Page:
Why Convert To Dry Composting Toilet
Owning a dry composting toilet is not another unnecessary new-age trend. It seems that lots of people have a habit of taking this idea at face value.
Truth is, reusing human waste isn’t brand new. Or that smelly, for that matter. In fact, we humans relied on repurposing poo for hundreds of years, especially in agriculture. So what gives?
We’re no scientists but one thing is clear as crystal – the problem of being wasteful lies in our habits, or lack thereof. It can be argued that as we grew disconnected from the cyclic rhythm Nature prepared for us, we started losing touch with our sense of sustainability.
This might explain why terms like shit and piss are swear words at best, frivolously flushed away in our “civilized” water toilets. But our hot take is this: They deserve more recognition than that, fart jokes and all.
So is there any benefit and rationale behind the idea of composting toilets or is it all truly just a fad? We at Shit & Blossoms believe there is, and then some! Let us give you the 411 as to why we are committed to rethinking human waste.
How Does A Dry Composting Toilet Work?
At our earthship in Serbia, composting and toilets go hand in hand. What makes these toilets “dry” is the fact that they DO NOT use water for transportation or treatment of collected waste (more on that later).
But here’s the kicker: By separating liquid from the solid waste we try and mimic the separation process already taking place within our bodies.
Why go through all the trouble? The very act of separation preserves the richness of nutrients, keeping things as nature intended. This includes the Big 3: nitrogen, potassium, and phosphorus – primary nutrients found in fertilizers. In addition, oxygen is a helpful component in the decomposition process of the solids, thanks to the hard-working microorganisms.
In contrast, if you mix urine and feces together, they get robbed of those nutrients, causing higher releases of ammonia (a more volatile form of nitrogen). That, paired with oxidative processes, along with anaerobic decomposition is what creates methane, hence that distinct odor in traditional septic systems.
So to put it simply, both pee and poo can be used as a resource when properly isolated, and a powerful one at that.
But How Do I Use This Type Of Toilet?
In contrast to your run-of-the-mill toilets, the main difference is how you position yourself regardless of whether you’re going for a pee or a poo.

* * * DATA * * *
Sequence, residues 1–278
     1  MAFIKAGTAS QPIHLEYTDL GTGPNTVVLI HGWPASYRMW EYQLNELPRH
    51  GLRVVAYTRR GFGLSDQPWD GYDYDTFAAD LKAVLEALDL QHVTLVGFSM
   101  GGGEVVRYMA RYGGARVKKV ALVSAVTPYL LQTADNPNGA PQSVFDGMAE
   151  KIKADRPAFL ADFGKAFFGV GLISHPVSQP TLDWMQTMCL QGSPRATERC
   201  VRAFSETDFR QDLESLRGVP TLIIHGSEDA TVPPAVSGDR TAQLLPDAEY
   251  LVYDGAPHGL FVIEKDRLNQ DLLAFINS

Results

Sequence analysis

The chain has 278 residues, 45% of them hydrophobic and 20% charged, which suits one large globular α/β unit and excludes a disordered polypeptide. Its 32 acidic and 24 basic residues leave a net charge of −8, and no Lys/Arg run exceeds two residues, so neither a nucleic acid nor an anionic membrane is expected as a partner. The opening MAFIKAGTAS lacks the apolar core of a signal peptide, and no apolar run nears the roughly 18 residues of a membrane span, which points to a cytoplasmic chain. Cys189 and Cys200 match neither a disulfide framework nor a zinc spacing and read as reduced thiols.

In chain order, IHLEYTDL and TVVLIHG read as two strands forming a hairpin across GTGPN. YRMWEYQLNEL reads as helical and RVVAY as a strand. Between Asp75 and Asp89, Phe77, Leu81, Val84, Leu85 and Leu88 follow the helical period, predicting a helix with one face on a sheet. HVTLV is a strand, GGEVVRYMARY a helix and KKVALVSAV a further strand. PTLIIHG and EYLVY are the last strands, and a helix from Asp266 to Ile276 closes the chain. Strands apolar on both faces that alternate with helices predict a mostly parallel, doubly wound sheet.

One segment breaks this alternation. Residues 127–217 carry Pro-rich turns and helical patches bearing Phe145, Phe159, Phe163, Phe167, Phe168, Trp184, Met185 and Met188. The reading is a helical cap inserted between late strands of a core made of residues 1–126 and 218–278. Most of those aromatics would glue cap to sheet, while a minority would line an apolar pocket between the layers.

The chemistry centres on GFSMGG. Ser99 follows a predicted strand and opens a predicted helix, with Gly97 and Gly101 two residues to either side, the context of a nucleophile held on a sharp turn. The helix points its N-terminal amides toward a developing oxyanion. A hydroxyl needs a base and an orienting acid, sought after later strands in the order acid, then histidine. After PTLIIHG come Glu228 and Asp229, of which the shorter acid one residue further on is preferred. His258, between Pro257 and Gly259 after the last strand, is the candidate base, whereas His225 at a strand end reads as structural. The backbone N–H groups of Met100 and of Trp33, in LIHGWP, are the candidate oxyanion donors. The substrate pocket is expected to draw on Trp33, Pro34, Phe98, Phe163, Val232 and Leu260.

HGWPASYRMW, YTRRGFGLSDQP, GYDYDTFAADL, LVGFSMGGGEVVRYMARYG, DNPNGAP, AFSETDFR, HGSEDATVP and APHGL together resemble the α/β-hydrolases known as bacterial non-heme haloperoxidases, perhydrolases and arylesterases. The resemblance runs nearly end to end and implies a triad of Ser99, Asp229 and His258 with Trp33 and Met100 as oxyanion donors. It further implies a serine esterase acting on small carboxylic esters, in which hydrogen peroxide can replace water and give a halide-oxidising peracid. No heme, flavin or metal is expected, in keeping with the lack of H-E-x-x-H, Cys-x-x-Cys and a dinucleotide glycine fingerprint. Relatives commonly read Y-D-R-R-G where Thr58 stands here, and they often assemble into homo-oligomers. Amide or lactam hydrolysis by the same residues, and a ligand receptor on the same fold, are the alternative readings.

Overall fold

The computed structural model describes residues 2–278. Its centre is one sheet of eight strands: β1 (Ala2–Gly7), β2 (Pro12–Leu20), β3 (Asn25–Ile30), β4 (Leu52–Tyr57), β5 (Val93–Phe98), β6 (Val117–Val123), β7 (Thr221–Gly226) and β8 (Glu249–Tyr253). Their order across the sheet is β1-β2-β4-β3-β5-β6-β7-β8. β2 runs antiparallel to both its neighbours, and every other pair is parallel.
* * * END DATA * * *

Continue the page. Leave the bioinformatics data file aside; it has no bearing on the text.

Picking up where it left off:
For all the fellas out there, if you’re going in for a #1, sorry, but you’ll have to get used to the idea of sitting while peeing. This way you’re making sure urine goes INTO the separator.
As for the girls, the habit of sitting on the toilet pays off. However, if you’re going in for a pee, you’ll still probably have to slide a bit to the front. We should mention that sliding back or forth while sitting also depends on your body type – but we’ll leave that to your own discretion.
Obviously, the same goes for #2, only this time you’ll have to slide slightly back while seated.
Note that after peeing, use a bit of water to wash off the separator (not more than 10ml). We always keep a small bottle of water next to our composting toilet for this purpose.
As for wrapping things up after taking a sh!t, you can use the toilet paper and toss it into the solids container (or bucket). Because what? Cellulose! Look at it this way: Instead of flushing after yourself, you’ll need a covering material. We recommend using wood scraps because it ensures air circulation, necessary for previously-mentioned oxidative processes.
For any additional info on what is allowed to go into a liquid/solid container, consult our visual guide:
Let’s Talk About Urine Separators!
Shit and Blossoms urine separators are green products, made by eco-enthusiasts for eco-enthusiasts who are ready to make sustainable changes in their life.
Our flagship models Marcel and Floran are handmade porcelain urine separators that are as hygienic and durable as any porcelain toilet bowl. They’re easy to install, perfect for eco-conscious homes, tiny homes, camper vans, cottages, float homes, boats, permaculture households, rural or urban spaces that envision composting toilet systems.
Both Marcel and Floran are available in white color, but sometimes we like to get creative and produce limited handpainted editions.
Benefits Of Composting Toilets
Did you know that every time you flush your toilet you practically waste 6 liters (1.6 gallons) of fresh drinking water? Older toilets can even use up to 11 liters, while those with dual flush systems 3 to 6 liters.
The main reason we opt for a composting toilet is it’s a sustainable environmentally-friendly system. It provides the same comfort as a normal water toilet but without making a harmful impact on the environment with septic waste.
By using urine separators such as Marcel or Floran, liquid waste is transported to the reed bed, garden, grey waters, or other filtration systems. Not only that, but you save water! Have in mind that urine is sterile and can be repurposed for garden use where you grow your plants.